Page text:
The ‘Great Wealth Transfer’ Is a Delusion

The Great Wealth Transfer sounds like a heist film or a game show. It’s neither.

It’s a (rather morbid) shorthand for the massive amount of money boomers are expected to leave to their millennial kids — making those adult children the “richest generation in history,” according to some headlines. This, we’re told, will help solve the student debt crisis; allow cash-strapped 30- and 40-somethings to finally get into the housing market; and even help them make up for lost time on saving for retirement. Thanks for the parting gift, Mom and Dad!

I don’t buy it.

“The typical boomer is not in a position to leave any money at all,” says Teresa Ghilarducci, a labor economist, one-time Bloomberg Opinion columnist and author of the new book, Work, Retire, Repeat: The Uncertainty of Retirement in the New Economy. Historically, about three out of four parents have intended to leave something to their kids, as she noted in a 2020 column. But according to data from the Federal Reserve, only about one out of four kids actually receive an inheritance — and the odds are even lower if you’re not White. Generous intentions run into hard math.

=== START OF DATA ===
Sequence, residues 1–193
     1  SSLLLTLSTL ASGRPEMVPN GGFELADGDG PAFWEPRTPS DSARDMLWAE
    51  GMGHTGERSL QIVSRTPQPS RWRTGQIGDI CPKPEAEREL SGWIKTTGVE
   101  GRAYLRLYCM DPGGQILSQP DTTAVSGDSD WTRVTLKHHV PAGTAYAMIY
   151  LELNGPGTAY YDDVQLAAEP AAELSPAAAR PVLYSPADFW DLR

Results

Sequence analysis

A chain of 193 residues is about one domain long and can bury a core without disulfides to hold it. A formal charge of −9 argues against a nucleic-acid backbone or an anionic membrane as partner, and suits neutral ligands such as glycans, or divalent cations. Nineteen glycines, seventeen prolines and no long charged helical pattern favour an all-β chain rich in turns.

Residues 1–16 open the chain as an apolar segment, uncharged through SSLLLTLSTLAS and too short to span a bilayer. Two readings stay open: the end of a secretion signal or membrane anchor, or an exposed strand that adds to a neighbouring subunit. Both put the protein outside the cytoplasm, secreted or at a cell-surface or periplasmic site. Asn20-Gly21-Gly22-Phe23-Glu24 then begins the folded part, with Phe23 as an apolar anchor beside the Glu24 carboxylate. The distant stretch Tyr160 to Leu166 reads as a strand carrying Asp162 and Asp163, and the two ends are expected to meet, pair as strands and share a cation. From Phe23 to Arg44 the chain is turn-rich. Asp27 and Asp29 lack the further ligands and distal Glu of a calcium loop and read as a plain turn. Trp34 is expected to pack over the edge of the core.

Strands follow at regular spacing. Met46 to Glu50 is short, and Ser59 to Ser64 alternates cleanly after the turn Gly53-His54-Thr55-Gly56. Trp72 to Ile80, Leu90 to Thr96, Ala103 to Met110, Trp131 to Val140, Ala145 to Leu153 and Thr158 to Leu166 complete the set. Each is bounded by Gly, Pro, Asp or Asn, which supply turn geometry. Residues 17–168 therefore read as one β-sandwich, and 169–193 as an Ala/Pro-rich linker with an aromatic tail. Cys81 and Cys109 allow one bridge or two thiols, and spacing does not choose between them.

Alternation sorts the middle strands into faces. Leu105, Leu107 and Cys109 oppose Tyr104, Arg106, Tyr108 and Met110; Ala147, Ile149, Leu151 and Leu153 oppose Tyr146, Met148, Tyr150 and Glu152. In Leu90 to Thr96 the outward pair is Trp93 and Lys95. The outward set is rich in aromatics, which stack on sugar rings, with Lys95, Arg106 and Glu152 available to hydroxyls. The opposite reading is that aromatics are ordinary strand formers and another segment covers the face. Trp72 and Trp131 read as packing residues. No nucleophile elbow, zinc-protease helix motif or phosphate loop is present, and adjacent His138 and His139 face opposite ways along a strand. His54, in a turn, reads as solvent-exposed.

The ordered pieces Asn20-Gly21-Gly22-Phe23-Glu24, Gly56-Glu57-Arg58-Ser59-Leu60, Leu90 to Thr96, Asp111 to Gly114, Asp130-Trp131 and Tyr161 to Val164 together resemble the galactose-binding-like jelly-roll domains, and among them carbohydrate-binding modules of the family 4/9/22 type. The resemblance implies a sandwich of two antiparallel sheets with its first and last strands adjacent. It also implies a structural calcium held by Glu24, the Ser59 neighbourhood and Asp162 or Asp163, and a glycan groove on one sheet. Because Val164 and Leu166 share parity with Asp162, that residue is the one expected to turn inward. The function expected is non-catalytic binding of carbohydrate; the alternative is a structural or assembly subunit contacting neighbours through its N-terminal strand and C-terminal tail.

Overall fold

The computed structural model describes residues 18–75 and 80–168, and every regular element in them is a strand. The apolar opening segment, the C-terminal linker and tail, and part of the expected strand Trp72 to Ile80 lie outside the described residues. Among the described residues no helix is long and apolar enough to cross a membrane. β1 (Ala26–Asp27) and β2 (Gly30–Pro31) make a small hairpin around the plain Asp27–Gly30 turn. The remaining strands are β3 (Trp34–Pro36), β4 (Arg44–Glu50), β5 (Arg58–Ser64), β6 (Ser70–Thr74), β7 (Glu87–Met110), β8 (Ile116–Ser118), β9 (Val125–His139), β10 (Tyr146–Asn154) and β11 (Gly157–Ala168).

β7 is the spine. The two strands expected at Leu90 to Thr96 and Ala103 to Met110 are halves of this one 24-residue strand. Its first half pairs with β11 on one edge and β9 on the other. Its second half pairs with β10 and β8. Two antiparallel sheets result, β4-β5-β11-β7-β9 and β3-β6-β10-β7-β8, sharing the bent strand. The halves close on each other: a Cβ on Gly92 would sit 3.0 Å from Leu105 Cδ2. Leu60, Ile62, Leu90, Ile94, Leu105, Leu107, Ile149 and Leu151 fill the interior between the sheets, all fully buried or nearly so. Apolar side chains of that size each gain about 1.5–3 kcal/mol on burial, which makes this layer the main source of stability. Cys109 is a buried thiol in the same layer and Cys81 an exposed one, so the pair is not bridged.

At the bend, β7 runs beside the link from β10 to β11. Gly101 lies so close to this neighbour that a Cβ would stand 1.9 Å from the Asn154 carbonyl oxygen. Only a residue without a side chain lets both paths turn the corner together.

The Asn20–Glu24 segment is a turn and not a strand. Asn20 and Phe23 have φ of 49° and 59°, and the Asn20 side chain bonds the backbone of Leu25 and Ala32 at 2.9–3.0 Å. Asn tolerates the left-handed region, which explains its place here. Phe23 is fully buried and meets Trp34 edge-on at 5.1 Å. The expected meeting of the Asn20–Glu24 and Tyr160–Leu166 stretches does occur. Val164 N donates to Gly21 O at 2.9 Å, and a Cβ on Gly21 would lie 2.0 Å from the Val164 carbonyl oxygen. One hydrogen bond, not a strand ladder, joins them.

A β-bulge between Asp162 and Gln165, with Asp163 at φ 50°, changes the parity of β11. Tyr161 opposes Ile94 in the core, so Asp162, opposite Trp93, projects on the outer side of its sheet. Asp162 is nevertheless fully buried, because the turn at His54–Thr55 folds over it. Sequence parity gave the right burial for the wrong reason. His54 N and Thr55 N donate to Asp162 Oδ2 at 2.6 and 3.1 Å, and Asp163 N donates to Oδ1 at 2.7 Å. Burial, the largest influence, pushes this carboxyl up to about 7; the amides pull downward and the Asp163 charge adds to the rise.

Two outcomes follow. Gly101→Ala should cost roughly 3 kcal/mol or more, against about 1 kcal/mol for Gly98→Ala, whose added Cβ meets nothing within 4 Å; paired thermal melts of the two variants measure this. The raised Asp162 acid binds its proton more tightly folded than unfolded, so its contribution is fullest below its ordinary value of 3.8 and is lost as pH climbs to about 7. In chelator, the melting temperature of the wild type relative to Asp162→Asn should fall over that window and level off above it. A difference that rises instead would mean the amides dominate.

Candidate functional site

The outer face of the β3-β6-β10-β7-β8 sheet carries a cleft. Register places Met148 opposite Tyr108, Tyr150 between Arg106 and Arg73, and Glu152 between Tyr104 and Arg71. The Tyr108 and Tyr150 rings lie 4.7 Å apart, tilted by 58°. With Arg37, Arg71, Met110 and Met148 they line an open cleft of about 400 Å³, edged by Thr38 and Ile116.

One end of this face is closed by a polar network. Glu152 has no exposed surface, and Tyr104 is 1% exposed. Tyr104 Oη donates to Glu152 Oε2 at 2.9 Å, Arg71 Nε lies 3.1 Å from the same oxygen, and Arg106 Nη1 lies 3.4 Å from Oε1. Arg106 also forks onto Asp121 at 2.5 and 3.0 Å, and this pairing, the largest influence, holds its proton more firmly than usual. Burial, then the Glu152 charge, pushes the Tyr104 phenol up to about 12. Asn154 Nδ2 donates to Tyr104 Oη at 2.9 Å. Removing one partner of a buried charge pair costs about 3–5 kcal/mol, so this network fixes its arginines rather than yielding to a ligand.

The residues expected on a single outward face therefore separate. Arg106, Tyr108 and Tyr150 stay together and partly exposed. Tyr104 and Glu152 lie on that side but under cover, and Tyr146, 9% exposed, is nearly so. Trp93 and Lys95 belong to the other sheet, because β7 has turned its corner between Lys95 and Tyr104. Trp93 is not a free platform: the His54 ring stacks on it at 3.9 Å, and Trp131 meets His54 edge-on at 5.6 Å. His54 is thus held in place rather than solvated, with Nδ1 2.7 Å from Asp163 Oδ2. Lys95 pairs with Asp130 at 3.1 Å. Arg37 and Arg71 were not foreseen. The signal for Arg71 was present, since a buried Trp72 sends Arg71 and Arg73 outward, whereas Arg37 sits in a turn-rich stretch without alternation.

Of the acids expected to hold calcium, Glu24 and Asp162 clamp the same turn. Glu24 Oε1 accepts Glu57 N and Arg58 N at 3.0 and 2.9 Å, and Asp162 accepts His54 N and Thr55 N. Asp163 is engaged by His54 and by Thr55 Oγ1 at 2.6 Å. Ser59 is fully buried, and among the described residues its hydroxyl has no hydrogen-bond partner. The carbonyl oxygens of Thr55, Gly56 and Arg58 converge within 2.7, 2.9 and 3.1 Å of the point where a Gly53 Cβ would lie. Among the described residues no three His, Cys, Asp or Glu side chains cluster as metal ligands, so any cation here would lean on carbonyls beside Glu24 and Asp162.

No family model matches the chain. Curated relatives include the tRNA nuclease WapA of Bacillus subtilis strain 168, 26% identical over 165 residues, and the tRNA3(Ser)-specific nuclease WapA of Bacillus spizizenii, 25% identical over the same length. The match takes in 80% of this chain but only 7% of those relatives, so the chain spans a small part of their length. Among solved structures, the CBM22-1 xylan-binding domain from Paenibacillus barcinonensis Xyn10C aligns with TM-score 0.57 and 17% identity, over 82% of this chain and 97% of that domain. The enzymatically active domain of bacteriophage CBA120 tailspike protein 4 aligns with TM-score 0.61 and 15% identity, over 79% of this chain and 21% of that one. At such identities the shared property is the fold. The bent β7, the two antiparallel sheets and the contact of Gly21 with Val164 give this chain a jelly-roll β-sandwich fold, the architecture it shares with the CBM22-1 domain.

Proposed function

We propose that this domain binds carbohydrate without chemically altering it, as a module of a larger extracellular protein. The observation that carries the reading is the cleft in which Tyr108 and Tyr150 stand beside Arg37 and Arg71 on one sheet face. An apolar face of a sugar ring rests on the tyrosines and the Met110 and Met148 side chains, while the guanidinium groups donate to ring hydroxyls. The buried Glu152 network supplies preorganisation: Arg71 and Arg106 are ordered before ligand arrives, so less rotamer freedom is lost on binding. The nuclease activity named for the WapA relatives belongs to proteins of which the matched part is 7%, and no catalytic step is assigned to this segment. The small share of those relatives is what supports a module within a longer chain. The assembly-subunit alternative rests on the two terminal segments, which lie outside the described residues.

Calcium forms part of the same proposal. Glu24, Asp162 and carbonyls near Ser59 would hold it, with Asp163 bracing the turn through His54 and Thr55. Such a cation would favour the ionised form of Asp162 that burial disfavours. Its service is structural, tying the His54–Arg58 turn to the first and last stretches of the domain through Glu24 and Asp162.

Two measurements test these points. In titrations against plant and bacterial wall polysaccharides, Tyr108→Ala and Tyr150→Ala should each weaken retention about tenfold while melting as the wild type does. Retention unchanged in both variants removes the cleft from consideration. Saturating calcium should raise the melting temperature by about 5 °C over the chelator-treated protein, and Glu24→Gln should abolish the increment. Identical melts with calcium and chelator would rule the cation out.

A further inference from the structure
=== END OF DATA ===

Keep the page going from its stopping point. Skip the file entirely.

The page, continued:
True, as a group, boomers are holding on to a huge sum — maybe as much as $90 trillion, or half the wealth in the country. So perhaps this time will be different. But I doubt it.

One thing distorting the averages: There are an awful lot of baby boomers. (The clue’s in the name.) They account for about 20% of the population, with people over 65 making up a bigger share of the US than at any point since the government began keeping track a century ago.